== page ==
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Cherokee Rose: Georgia's State Flower


Probably because the Cherokee Rose is Georgia's State Flower, I am often asked if we grow it. Most have been disappointed or even shocked when I told them that we did not. 

Since it is Georgia's State Flower, one would assume the Cherokee Rose is native to Georgia, but this plant originally came from China. That's not necessarily a bad thing. Although our specialty is plants that are native to these parts, we grow many plants that are native to Asia. However, we do have to be careful with Asian plants, since many can be very invasive here (kudzu, honeysuckle, and wisteria), but that's a separate post.

If the Cherokee Rose is not native to this state, you might be wondering how in the world it became Georgia's State Flower. And furthermore, how did it come to be called the "Cherokee Rose"? There is an interesting legend behind that.

One of our nation's earliest nurserymen, Thomas Affleck, introduced Rosa laeveigata and sold it to landowners all over the South in the 1800's. Since that time, Rosa laeveigata has naturalized all over the state of Georgia. One of the saddest things in history to me is the removal of Cherokee families from their land in Georgia when they were forced to march on foot all the way to Oklahoma. This tragic relocation of the Cherokee became known as the "Trail of Tears." According to the legend, every time a tear hit the ground, a rose grew in its place. That rose was Rosa laeveigata, later to be called the Cherokee Rose.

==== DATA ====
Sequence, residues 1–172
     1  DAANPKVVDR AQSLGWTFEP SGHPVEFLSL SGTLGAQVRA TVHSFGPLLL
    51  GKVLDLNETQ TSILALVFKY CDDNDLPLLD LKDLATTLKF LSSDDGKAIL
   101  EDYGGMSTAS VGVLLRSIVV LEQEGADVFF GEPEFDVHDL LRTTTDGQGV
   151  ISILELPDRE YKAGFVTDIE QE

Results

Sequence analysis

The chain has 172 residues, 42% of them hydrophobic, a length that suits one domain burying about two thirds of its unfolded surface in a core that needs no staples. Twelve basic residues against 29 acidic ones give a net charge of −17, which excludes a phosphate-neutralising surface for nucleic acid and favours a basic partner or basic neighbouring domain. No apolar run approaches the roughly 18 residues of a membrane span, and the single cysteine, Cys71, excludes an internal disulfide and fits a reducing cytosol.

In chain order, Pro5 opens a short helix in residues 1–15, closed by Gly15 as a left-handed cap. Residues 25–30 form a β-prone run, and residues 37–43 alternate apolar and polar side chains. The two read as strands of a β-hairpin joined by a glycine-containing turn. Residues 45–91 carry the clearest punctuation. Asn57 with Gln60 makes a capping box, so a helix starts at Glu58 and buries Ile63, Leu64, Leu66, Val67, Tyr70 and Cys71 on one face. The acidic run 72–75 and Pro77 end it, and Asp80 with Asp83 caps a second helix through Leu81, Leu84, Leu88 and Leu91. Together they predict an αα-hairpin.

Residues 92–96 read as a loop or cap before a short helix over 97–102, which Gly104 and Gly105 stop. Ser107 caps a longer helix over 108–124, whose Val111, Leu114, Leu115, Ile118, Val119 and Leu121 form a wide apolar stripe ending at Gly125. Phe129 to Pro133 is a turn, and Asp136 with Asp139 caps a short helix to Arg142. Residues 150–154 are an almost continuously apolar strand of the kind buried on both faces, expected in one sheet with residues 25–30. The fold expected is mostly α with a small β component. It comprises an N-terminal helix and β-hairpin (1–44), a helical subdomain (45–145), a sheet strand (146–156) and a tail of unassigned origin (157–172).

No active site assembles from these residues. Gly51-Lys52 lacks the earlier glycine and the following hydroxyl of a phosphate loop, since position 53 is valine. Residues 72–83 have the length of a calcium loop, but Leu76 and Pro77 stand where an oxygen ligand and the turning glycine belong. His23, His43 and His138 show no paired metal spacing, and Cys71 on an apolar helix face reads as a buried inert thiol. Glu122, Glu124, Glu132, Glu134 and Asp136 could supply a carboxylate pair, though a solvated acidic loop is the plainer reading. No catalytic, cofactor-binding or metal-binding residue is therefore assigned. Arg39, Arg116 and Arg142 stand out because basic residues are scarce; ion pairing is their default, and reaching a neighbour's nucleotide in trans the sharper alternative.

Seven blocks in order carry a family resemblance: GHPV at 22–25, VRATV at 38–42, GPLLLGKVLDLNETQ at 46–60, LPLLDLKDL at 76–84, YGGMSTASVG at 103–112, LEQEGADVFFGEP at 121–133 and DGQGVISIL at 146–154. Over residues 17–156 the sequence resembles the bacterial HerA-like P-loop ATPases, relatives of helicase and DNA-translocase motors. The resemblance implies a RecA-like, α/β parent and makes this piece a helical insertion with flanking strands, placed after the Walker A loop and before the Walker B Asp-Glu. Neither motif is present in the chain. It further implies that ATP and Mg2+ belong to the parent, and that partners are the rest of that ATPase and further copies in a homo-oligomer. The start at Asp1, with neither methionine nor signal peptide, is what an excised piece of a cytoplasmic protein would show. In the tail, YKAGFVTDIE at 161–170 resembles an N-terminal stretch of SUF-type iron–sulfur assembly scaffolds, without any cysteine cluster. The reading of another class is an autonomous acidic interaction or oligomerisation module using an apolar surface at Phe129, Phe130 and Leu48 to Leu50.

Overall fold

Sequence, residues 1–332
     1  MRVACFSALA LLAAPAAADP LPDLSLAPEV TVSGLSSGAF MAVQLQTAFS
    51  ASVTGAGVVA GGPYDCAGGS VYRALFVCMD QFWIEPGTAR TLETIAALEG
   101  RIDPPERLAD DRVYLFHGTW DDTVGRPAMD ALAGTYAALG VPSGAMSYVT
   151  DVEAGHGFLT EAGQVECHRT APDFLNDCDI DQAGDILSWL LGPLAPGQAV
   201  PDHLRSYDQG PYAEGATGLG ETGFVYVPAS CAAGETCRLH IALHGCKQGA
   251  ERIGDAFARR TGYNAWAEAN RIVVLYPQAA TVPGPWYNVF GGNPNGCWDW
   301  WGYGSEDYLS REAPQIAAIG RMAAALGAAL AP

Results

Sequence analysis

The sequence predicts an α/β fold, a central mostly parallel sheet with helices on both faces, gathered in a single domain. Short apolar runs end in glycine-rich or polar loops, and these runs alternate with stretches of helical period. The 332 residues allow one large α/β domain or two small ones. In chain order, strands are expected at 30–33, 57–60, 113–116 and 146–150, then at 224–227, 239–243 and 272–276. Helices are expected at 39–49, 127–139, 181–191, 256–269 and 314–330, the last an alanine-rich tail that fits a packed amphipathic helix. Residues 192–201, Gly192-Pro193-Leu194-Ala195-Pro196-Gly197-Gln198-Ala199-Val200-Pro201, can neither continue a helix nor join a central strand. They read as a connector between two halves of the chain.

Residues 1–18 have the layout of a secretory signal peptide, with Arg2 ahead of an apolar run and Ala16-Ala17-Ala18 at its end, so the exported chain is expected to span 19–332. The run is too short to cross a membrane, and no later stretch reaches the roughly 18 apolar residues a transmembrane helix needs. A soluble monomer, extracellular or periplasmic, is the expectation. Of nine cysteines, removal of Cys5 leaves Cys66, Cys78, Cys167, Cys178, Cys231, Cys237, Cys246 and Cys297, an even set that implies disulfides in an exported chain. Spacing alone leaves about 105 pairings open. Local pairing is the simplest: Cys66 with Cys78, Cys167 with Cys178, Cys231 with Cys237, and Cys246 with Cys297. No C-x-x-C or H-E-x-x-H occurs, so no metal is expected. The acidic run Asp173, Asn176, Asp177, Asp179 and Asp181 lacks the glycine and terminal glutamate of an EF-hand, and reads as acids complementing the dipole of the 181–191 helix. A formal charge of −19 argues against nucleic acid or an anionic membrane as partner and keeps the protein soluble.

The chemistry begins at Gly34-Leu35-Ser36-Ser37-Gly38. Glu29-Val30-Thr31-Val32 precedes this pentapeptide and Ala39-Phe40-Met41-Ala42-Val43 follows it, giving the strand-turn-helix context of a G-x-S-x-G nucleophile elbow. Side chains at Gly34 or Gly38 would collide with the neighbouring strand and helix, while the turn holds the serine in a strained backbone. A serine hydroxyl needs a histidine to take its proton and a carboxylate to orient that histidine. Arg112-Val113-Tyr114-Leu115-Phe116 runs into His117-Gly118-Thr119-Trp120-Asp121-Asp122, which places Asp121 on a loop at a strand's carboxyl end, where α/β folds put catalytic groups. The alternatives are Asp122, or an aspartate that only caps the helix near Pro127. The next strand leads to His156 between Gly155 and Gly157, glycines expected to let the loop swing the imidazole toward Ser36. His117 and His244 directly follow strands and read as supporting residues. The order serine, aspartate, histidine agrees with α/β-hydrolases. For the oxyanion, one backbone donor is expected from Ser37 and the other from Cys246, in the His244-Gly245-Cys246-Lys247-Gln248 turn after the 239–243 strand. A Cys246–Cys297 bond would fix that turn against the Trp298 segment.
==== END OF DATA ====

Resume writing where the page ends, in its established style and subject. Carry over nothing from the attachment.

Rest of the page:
In 1916, the Cherokee Rose was designated as the State Flower of Georgia with the support of the Georgia Federation of Women's Clubs. Often confused with Rosa bracteata, the McCartney Rose, the Cherokee Rose blooms in Spring and is not invasive.

The Cherokee Rose is a vigorous climbing rose with ferocious thorns, but can be pruned and grown as a hedge. Large white flowers with yellow centers cover the plant in March or April.

Having learned this interesting piece of history, we might decide to produce this beautiful rose after all. If for no other reason than to remind us of an important event in history that should never have happened. Nowadays it seems everyone has something to grumble about. Oh, "Woe is me," they seem to be saying. Well, imagine if you had been a Cherokee, back in 1838.

Look for us to have Rosa laeveigata in the future. Hopefully in the mean time, I can learn to spell it.